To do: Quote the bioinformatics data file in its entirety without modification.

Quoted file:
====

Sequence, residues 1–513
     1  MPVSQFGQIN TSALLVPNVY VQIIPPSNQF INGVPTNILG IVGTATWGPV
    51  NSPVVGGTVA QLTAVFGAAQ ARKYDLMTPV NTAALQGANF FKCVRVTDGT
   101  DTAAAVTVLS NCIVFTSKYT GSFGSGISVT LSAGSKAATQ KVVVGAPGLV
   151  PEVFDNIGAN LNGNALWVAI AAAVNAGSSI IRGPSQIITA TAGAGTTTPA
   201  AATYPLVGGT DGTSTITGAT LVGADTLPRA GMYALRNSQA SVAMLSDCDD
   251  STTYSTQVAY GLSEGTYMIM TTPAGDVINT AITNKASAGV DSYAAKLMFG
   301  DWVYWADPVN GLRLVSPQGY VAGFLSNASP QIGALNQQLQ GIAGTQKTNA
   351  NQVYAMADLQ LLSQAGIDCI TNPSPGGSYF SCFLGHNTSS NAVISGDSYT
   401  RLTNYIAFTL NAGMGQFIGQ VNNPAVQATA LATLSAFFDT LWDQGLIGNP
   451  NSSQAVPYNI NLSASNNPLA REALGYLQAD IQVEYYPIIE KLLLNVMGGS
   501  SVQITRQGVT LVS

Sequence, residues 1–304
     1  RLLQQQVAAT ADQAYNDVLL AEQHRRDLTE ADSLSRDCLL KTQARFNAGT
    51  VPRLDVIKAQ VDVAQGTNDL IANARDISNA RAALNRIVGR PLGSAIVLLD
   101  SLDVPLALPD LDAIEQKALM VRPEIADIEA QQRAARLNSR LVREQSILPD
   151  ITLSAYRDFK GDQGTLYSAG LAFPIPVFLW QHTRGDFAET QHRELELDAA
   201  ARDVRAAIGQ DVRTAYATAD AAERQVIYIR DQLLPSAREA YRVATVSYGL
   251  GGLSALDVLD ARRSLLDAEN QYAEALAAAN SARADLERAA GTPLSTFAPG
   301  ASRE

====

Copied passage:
Sequence, residues 1–513
     1  MPVSQFGQIN TSALLVPNVY VQIIPPSNQF INGVPTNILG IVGTATWGPV
    51  NSPVVGGTVA QLTAVFGAAQ ARKYDLMTPV NTAALQGANF FKCVRVTDGT
   101  DTAAAVTVLS NCIVFTSKYT GSFGSGISVT LSAGSKAATQ KVVVGAPGLV
   151  PEVFDNIGAN LNGNALWVAI AAAVNAGSSI IRGPSQIITA TAGAGTTTPA
   201  AATYPLVGGT DGTSTITGAT LVGADTLPRA GMYALRNSQA SVAMLSDCDD
   251  STTYSTQVAY GLSEGTYMIM TTPAGDVINT AITNKASAGV DSYAAKLMFG
   301  DWVYWADPVN GLRLVSPQGY VAGFLSNASP QIGALNQQLQ GIAGTQKTNA
   351  NQVYAMADLQ LLSQAGIDCI TNPSPGGSYF SCFLGHNTSS NAVISGDSYT
   401  RLTNYIAFTL NAGMGQFIGQ VNNPAVQATA LATLSAFFDT LWDQGLIGNP
   451  NSSQAVPYNI NLSASNNPLA REALGYLQAD IQVEYYPIIE KLLLNVMGGS
   501  SVQITRQGVT LVS

Sequence, residues 1–304
     1  RLLQQQVAAT ADQAYNDVLL AEQHRRDLTE ADSLSRDCLL KTQARFNAGT
    51  VPRLDVIKAQ VDVAQGTNDL IANARDISNA RAALNRIVGR PLGSAIVLLD
   101  SLDVPLALPD LDAIEQKALM VRPEIADIEA QQRAARLNSR LVREQSILPD
   151  ITLSAYRDFK GDQGTLYSAG LAFPIPVFLW QHTRGDFAET QHRELELDAA
   201  ARDVRAAIGQ DVRTAYATAD AAERQVIYIR DQLLPSAREA YRVATVSYGL
   251  GGLSALDVLD ARRSLLDAEN QYAEALAAAN SARADLERAA GTPLSTFAPG
   301  ASRE